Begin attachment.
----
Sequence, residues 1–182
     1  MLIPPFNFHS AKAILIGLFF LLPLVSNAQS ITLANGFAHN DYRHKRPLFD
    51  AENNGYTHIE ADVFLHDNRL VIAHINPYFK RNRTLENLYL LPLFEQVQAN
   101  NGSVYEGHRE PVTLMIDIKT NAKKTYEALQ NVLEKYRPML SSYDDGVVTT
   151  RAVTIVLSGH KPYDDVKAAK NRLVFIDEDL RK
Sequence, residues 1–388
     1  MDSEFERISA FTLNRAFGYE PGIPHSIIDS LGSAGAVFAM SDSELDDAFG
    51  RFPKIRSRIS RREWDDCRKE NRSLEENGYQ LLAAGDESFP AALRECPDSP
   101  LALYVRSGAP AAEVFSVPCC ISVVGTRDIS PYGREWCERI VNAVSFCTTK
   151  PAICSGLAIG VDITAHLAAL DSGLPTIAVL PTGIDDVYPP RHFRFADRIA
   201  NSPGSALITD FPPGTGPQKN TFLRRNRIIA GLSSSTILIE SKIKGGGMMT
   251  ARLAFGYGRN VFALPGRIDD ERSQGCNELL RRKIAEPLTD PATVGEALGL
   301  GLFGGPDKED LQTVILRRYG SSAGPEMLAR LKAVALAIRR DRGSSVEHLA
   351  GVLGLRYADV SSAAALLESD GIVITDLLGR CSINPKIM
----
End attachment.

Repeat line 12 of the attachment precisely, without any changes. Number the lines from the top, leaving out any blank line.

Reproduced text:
   251  ARLAFGYGRN VFALPGRIDD ERSQGCNELL RRKIAEPLTD PATVGEALGL